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Brandeis University's Community Newspaper — Waltham, Mass.

Ode to ‘Law and Order’

Published: September 23, 2010
Section: Arts, Etc.

I know it’s been months since NBC announced the cancellation of the original “Law & Order,” but I’m still in mourning. It’s a long process that consists of me constantly trying to convince myself not to watch all the reruns in a given marathon on TNT so I don’t deplete what is now a finite supply of unseen episodes.

The networks and cable channels are deeply aware of my loss. Instead of sending flowers or a condolence card, it seems every station is striving to fill the crime-show vacuum by feeding the addictions of “Law & Order” junkies like myself.

It’s not working.

In terms of empty calories, these shows are worse than cotton candy. They throw actors into uniform and think they have a hit crime-series, as though giving someone a magnifying glass would make them Sherlock Holmes (elementary, my dear Watson).

Crime, in its reality, is gritty. It’s messy. Murders happen in back alleys and on the streets, they splatter blood, complicate familial relationships and sometimes entangle detectives along with them. Crime is not, as ABC’s attempt “Rookie Blue” would suggest, a fun, brightly colored backdrop against which to set your latest soap opera.

In this summer’s “Rookie Blue,” a sort of “Grey’s Anatomy” does crime, rookies (like the interns) learn the ropes of cop-life in such a way that the mysteries they encounter on the job miraculously mirror their personal lives and, in the end, help the characters decide if they are dating the right person. As if the crime itself werent’t enough drama for viewers.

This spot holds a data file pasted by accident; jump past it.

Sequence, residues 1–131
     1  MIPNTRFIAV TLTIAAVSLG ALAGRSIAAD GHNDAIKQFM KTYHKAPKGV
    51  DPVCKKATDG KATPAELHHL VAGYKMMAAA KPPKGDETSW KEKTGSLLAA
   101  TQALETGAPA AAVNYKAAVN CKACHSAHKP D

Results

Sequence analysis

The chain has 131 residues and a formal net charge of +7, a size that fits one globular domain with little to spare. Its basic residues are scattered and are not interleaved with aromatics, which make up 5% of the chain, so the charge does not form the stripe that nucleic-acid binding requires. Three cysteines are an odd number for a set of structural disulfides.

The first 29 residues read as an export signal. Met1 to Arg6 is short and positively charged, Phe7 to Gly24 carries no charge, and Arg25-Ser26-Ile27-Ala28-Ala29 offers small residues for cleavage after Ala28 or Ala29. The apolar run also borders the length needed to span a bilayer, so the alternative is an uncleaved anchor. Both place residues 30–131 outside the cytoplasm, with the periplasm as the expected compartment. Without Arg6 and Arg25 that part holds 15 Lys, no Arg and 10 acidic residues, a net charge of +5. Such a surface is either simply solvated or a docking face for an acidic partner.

“Rookie Blue” is the worst offender, but it is not the only one. TNT’s “Rizzoli and Isles” was a valiant attempt and even had former “Law & Order” Assistant District Attorney Angie Harmon as a leading cast member, but still fell short. The premier of this fall’s “Detroit 187” (whose previews had looked promising) was equally disappointing.

To clarify, I am a “Law & Order” snob. “CSI,” in all it’s variations, doesn’t cut it for me. While I’m sure black lights and fancy machines have something to do with it, I am a true believer that the primary crime-fighting strategy should be shoe leather taking to the streets. I don’t even like “Law & Order: Criminal Intent” because it gets into too much psycho-babble instead of focusing on the facts of the case.

The thing Dick Wolf (God bless him) understood is that crime shows need to be about two things: detectives and the law. Maybe it’s just that Jack McCoy has always reminded my of Gregory Peck, my first on-screen love, but the law part is the best. A case doesn’t end when someone is arrested; there are trials, and plea bargains and arraignments, and “Law & Order” used these legal battles to discuss ethical dilemmas of the day. From governors caught sleeping with prostitutes to torture to the role race plays in arrests and convictions, “Law & Order” used its drama to tackle the important issues.

While some of this fall’s premiers (“Outlaw” and “The Whole Truth”) do deal solely with the law, it is the duality between the detectives and the district attorneys, the streets and the courtroom, that gives the show its rhythm.

I know “Law & Order: Los Angeles” is set to premier next week, but I’m skeptical. New York City was as much a character of the original show as were detectives Brisco and Green. “Law & Order” without New York City would be like having “The Office” without Michael Scott. That people are already calling the new spin-off “LOLA” does nothing to assuage my fears.

So, RIP “Law & Order,” you will be sorely missed for everything, down to your dramatic theme song (which shall forever live on as my cell-phone ring-tone).

Thank goodness (for now) I still have SVU.